Pensions update: when is a member in “pensionable service”?

When is a member in “pensionable service”? Is it enough that there is still some linkage to final salary, even though accrual under the scheme has…

When is a member in “pensionable service”? Is it enough that there is still some linkage to final salary, even though accrual under the scheme has ceased?

This issue was considered in the case of G4S Plc v G4S Trustees Ltd & Sok Wah Lee which was heard in June this year.

This case involved a multi-employer, occupational pension scheme which was “sectionalised” into three defined benefit sections. Such a scheme (or section) may be deemed “frozen” if it ceases to have active members. An active member is a member in “pensionable service”, as defined in the Pension Act 1995 as “service in any description or category of employment to which the scheme relates which qualifies the member…for pension or other benefits under the scheme”. Upon termination of benefit accrual for future service under two sections of the scheme, a new class of member was created: employed deferred members.

The employed deferred members retained a link between their past service benefits and their future final salary so that their pensions were calculated by reference to their final salary on the date they left employment or their final salary on the date pensionable service ceased, subject to revaluation. The issue in question was:

Would a scheme member with defined benefit pensionable service, whose scheme had been closed to future pensionable service, but whose past service benefits continued to be linked to future final salary remain, as a result of that link to final salary, in “pensionable service” for the purposes of the Employer Debt Regulations?

In line with the case of Merchant Navy Ratings Pension Fund it was decided that a scheme where members’ benefits continued to be linked to future final salary was to be treated as “frozen” for the purposes of the Occupational Pension Schemes (Employer Debt) Regulations 2005. It was held that the final salary link did not mean that the members were active members in pensionable service. The court in G4S held that it was clear as a matter of construction in the statutory context that where accrual had ceased but final salary linkage remained there was no pensionable service after the closure date as there was no service under which pension benefits continued to accrue.

What does this mean for me?

The G4S ruling will be of particular interest to employer sponsors and trustees of multi-employer schemes in which accrual for an employer has terminated but where final salary linkage for those members has been preserved. It helps to confirm the trigger events for section 75 debts under the Pensions Act 1995 and will be welcomed by employers and trustees alike for bringing greater certainty.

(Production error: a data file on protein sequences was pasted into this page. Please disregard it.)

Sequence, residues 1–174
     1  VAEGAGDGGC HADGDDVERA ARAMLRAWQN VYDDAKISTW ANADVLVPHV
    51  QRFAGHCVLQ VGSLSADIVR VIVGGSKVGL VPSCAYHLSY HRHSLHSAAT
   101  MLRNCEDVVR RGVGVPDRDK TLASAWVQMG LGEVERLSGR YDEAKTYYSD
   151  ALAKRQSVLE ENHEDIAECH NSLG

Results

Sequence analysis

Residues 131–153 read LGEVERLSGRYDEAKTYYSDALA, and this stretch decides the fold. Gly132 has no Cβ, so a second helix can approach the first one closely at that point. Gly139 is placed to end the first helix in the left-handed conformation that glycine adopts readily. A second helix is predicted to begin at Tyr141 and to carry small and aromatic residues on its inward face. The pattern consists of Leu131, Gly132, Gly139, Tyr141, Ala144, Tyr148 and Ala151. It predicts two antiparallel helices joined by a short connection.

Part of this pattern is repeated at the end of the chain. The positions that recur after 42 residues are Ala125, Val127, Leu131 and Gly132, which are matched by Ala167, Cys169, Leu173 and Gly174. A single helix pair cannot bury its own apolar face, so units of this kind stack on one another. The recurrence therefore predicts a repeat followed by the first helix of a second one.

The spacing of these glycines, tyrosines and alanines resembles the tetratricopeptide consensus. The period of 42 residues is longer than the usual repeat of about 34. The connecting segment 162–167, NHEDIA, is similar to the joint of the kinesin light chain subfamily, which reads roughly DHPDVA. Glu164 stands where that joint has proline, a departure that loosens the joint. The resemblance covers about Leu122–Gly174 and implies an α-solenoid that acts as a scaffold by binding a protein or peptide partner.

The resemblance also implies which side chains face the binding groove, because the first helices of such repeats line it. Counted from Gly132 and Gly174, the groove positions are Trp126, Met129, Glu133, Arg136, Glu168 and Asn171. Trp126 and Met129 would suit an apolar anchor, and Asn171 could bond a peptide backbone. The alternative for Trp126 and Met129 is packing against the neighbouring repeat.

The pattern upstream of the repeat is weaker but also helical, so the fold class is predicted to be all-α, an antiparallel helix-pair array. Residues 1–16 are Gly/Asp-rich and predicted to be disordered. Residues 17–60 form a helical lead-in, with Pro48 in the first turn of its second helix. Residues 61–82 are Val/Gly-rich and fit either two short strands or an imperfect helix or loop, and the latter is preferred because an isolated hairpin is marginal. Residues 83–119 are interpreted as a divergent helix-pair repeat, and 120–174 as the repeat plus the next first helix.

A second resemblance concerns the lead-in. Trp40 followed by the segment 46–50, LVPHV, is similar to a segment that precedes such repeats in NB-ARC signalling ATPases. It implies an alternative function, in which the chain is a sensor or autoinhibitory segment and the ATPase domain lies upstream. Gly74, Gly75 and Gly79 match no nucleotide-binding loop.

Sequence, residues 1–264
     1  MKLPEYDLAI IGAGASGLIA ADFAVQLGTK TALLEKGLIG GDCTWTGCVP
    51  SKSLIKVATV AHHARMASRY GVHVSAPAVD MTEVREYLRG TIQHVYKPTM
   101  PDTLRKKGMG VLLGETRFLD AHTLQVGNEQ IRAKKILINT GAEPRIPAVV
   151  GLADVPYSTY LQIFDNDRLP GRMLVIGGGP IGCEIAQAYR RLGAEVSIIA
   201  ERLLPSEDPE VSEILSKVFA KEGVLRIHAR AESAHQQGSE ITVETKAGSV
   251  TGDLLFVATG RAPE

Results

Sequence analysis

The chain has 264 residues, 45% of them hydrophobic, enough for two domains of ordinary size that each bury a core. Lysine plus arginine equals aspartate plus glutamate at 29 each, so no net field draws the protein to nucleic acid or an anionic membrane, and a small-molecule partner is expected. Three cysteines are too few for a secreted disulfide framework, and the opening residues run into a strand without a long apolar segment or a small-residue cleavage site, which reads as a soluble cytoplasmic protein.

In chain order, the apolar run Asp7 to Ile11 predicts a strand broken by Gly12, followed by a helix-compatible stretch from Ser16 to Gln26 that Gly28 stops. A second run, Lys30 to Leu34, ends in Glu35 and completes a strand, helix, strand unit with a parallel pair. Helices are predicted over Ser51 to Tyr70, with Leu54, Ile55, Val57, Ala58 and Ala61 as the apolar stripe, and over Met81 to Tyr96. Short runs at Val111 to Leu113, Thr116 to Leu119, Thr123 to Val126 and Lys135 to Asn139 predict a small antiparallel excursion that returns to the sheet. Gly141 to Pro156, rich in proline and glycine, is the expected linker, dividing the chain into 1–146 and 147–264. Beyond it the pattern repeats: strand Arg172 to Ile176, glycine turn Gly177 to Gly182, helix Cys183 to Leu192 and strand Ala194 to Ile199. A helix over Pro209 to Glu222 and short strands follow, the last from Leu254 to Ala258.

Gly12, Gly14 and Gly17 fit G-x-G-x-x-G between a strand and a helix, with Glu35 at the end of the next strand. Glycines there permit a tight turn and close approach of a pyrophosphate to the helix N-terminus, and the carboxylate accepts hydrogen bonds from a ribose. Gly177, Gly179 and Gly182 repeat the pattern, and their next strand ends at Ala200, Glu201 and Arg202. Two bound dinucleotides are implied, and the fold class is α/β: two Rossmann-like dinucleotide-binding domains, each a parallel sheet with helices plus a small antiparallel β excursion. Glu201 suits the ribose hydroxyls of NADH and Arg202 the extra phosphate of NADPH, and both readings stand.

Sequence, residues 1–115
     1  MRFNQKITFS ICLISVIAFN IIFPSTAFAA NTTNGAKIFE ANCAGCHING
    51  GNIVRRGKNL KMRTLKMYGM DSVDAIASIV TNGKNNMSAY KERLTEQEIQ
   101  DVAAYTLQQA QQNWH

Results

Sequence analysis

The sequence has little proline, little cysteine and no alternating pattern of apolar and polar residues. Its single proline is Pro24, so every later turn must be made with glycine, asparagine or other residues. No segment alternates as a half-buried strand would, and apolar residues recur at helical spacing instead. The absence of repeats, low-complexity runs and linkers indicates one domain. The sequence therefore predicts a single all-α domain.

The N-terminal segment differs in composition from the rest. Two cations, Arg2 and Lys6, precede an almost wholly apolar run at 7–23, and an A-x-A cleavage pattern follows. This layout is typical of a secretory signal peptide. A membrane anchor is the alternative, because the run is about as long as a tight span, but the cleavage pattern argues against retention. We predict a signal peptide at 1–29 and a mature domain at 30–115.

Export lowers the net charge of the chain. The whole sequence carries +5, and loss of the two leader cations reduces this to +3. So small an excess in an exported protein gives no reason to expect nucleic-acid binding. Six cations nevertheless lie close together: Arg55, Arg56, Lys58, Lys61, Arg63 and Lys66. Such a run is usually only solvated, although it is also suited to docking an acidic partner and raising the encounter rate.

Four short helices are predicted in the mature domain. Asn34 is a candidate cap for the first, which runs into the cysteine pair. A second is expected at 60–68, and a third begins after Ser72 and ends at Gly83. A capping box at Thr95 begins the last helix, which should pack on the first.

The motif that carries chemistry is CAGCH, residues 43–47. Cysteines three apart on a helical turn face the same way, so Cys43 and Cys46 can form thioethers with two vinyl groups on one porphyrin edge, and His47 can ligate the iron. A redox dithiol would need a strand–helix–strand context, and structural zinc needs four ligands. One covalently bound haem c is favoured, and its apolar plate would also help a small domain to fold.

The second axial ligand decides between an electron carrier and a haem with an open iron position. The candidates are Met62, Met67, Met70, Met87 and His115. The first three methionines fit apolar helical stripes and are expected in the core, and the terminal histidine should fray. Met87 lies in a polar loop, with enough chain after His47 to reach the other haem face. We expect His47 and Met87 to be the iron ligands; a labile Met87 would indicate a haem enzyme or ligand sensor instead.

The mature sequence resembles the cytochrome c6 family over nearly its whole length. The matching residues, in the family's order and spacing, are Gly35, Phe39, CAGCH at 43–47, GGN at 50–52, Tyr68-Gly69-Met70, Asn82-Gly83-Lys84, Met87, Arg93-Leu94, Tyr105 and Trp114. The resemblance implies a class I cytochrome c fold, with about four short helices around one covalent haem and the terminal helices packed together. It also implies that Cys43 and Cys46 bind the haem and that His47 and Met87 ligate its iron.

For multi-employer schemes in which pensionable service for all employers has terminated simultaneously but the final salary link has been retained, the case reduces the risk of employer debts being triggered in the future for an individual employer.

The case is also relevant to multi-employer schemes in which pensionable service for one employer has terminated whilst other employers continue to employ active members. Under pensions legislation applicable to multi-employer defined benefit schemes, if a participating employer ceases to have members in pensionable service whilst other employers continue to do so, a section 75 debt will be triggered for the exiting employer.

The G4S case tells us that retention of the final salary link for the exiting employer will not have prevented its section 75 debt from being triggered.

Retaining a final salary linkage has been used in the past by some employers in the belief that it prevented triggering the section 75 exit debts. Those cases should now be reviewed.

Options for managing employer debts

Under pensions legislation, there are a number of ways of managing an employer debt when an employer in a multi-employer scheme ceases to have members in pensionable service. Methods which avoid the need to pay the full section 75 exit debt include:

  • Scheme apportionment arrangement;
  • Withdrawal arrangement;
  • Flexible apportionment arrangement; and
  • Since 6 April 2018, employers have the additional option of entering into a deferred debt arrangement. In this case, an employer debt will be effectively suspended for the duration of the agreement.

Some of the permitted arrangements can be implemented after an employer has ceased to have members in pensionable service in the scheme. Therefore, it is possible to avoid the need for an employer to pay a section 75 debt after the circumstances have arisen which would otherwise require it to be paid. This makes it possible for employers and trustees to work together to manage employer liabilities in a way which benefits both the business and the security of all members’ benefits.

Several conditions and requirements apply to the various arrangements and it is important for both employers and trustees to obtain expert advice on their implementation.

For more information on the management of employer liabilities in defined benefit pension schemes please contact Mark Poulston, Head of Pensions.

Share on Twitter